Mike Bloomberg on Principles & Values
Mayor of New York City (Independent)
Offered independent ticket by Sen. Chuck Hagel (R, NE)
While NYC Mayor Bloomberg says he is content running the 5 boroughs, other politicians have higher aspirations for the successful leader. On CBS’ “Face the Nation,” Sen. Chuck Hagel suggested he and the mayor team up for an independent presidential bid.
“I think Mayor Bloomberg should seriously think about this,” Hagel said. “He is the mayor of one of the greatest cities on earth. He makes that city work. That’s what America wants.”
Hagel made the suggestion after sharing a meal with Bloomberg durin
the mayor’s most recent visit to Washington. “It’s a great country to think about--a New York boy and a Nebraska boy to be teamed up, leading this nation,” he said.
Bloomberg has said repeatedly he will not enter the presidential race. Nevertheless,
Bloomberg has fueled speculation about his ambitions with a schedule that has frequently taken him outside NY. He has also relaunched a Web site, www.mikebloomberg.com, to keep backers abreast of his governmental and philanthropic work, Bloomberg says.
Source: New York Newsday, “US Politics”
, May 14, 2007
Will decide in early ‘08 on run as self-financed independent
As fellow New Yorkers Rudy Giuliani (R) and Hillary Clinton (D) campaign vigorously across the country to become their parties’ nominees and prepare for what would be an electric general-election clash, Bloomberg is patiently waiting in the wings.
Publicly, the Democrat-turned-Republican professes no interest in the top job. But Bloomberg has dropped enough hints and has had enough tantalizing discussions with potential supporters that people who observe the city’s politics for a living are
, Mar 25, 2007
Acquisition of money inextricably tied to hard work
Bloomberg grew up in a blue-collar suburb of Boston. The Bloombergs owned their own home, but Michael’s father worked seven days a week as to feed his family. Michael’s view of money was formed early: It was a tool, imbued with no emotional attachment
whatsoever. And the acquisition of money was inextricably tied to hard work, nothing else. Throughout the fifties, though, William regularly wrote small checks to the NAACP. “He said it was because discrimination is against everybody,” Bloomberg recalls.
Source: Chris Smith, New York Magazine
, Oct 3, 2005
Charitable giving based on “Where can I make a difference?”
In 1994, Bloomberg hired [philanthropic staff], focusing on education, public health, and the arts. Some money was directed to people and organizations with social connections to Bloomberg.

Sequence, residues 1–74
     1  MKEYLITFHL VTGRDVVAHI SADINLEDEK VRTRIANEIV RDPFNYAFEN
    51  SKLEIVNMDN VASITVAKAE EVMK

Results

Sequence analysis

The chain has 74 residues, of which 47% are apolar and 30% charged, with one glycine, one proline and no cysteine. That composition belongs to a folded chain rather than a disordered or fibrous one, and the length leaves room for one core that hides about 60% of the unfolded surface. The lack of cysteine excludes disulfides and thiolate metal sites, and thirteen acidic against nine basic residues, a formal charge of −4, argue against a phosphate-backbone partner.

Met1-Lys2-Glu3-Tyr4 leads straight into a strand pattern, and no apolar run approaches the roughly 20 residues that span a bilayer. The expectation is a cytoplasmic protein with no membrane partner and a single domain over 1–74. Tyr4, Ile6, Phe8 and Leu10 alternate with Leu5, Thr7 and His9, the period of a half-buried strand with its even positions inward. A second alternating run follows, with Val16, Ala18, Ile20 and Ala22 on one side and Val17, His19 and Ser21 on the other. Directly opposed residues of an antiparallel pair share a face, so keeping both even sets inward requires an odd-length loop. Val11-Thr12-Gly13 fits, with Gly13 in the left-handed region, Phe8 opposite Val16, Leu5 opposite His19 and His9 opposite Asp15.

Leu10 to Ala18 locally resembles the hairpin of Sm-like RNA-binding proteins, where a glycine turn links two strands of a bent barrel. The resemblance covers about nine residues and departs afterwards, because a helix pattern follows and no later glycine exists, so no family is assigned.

Other Bloomberg gifts have gone to causes traceable to his upbringing and Jewish heritage. Bloomberg has given well over $150 million to Johns Hopkins, his alma mater, with much of it directed to the school of public health-which in
April 2001 was renamed the Bloomberg School of Public Health. According to the university’s dean, “He said, ‘The company is going to be a going concern whether I’m here or not, and
I need another challenge, and it’s not building another company. I don’t need any more money. Where can I make a difference?’ ”
Source: Chris Smith, New York Magazine
, Oct 3, 2005
Started Bloomberg company after Salomon Bros. fired him
[Upon being fired from Salomon Brothers in 1981], if they’d said, “We have another job for you”--say, running the Afghanistan office--I’d have done it in a second. Was I sad on the drive home? You bet. But, as usual, I was much too macho to show it. And
I did have $10 million in cash and convertible bonds as compensation for my hurt feelings.
I ordered a sable jacket for my wife, Sue. While I was never embarrassed to say that I’d been fired and was now running a small start-up business,
I’m tougher than many others (or, perhaps as a psychological defense mechanism, I have convinced myself not to care what others think). But I was worried that Sue might be ashamed of my new, less visible status and concerned I couldn’t support the family
A sable jacket seemed to say, “No sweat. We can still eat. We’re still players.”
On my last day of work, September 30, 1981, I picked up the jacket. Sue was delighted. Next morning, I started Bloomberg, the company. The rest is work in progress.
Source: Chapter 1 of “Bloomberg by Bloomberg,” by Mike Bloomberg
, Aug 10, 2001
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Other big-city mayors on Principles & Values:
Mike Bloomberg on other issues:
Mike Bloomberg (I,New York City)
Cory Booker (D,Newark,NJ)
Julian Castro (D,San Antonio,TX)
Rahm Emanuel (D,Chicago)
Phil Gordon (D,Phoenix)
Tom Menino (D,Boston)
Michael Nutter (D,Philadelphia)
Annise Parker (D,Houston)
Mike Rawlings (D,Dallas)
Jerry Sanders (R,San Diego)
Antonio Villaraigosa (D,Los Angeles)
Rocky Anderson (I,Salt Lake City)
Tom Barrett (D,Milwaukee,WI)
Jerry Brown (D,Oakland,CA)
Rudy Giuliani (R,New York City)
Dennis Kucinch (D,Cleveland,OH)
Sarah Palin (R,Wasilla,AK)
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